Turkey to Forgo New Samurai Bond Sale for Now as Note Matures/Rating score a problem

Turkey is not planning to offer any fresh yen-denominated bonds for the moment, according to a treasury official, as a Samurai note falls due this week.

The country must repay the 180 billion yen ($1.6 billion) security on March 18. It was issued in 2011 with a guarantee from the Japan Bank for International Cooperation and is the biggest such note from Turkey, which has other yen bonds outstanding, according to data compiled by Bloomberg.

Turkey’s Treasury is interested in the Samurai bond market as a way to diversify its borrowing composition but as the yen market is especially sensitive to credit ratings, current market conditions are not suitable for a new issuance in the short term, the official said.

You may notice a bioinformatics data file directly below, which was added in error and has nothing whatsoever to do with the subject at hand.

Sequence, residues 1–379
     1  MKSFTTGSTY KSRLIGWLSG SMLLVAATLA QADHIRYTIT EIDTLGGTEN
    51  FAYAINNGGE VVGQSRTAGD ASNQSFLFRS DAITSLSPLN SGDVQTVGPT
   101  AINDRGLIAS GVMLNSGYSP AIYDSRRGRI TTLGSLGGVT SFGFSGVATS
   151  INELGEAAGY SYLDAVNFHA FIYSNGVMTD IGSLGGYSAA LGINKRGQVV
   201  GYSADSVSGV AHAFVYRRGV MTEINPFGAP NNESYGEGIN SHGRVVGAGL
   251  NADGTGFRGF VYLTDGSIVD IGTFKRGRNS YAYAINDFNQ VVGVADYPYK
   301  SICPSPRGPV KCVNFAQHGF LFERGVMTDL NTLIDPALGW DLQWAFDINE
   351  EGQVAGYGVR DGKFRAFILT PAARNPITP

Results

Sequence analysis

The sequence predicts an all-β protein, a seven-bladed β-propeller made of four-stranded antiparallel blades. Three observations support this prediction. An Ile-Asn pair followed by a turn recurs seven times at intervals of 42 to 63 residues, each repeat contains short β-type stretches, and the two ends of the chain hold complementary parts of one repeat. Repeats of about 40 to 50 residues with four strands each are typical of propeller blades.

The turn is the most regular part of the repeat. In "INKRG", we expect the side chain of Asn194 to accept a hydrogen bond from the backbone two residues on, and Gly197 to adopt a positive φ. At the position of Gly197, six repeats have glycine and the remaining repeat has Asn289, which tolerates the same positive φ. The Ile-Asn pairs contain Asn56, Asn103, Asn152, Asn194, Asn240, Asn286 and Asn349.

Turkey’s then-Treasury and Finance Minister Berat Albayrak said in January 2019 that the country was in talks to sell more Samurai bonds. But no such offerings have emerged, and the country’s sovereign credit rating was cut deeper into junk by Moody’s Investors Service since that time. The credit assessor lowered its score to B2 in September last year, citing the risk of a balance-of-payments crisis.

Read more about the Moody’s downgrade here

Borrowers around the world have also faced a jump in financing costs in recent weeks amid a spike in rates. The spread on Turkey’s Samurai bonds maturing March 18 has increased to about 197 basis points after a recent selloff in emerging-market assets sparked by the run-up in Treasury yields. That compares with about 81 basis points at the end of last year.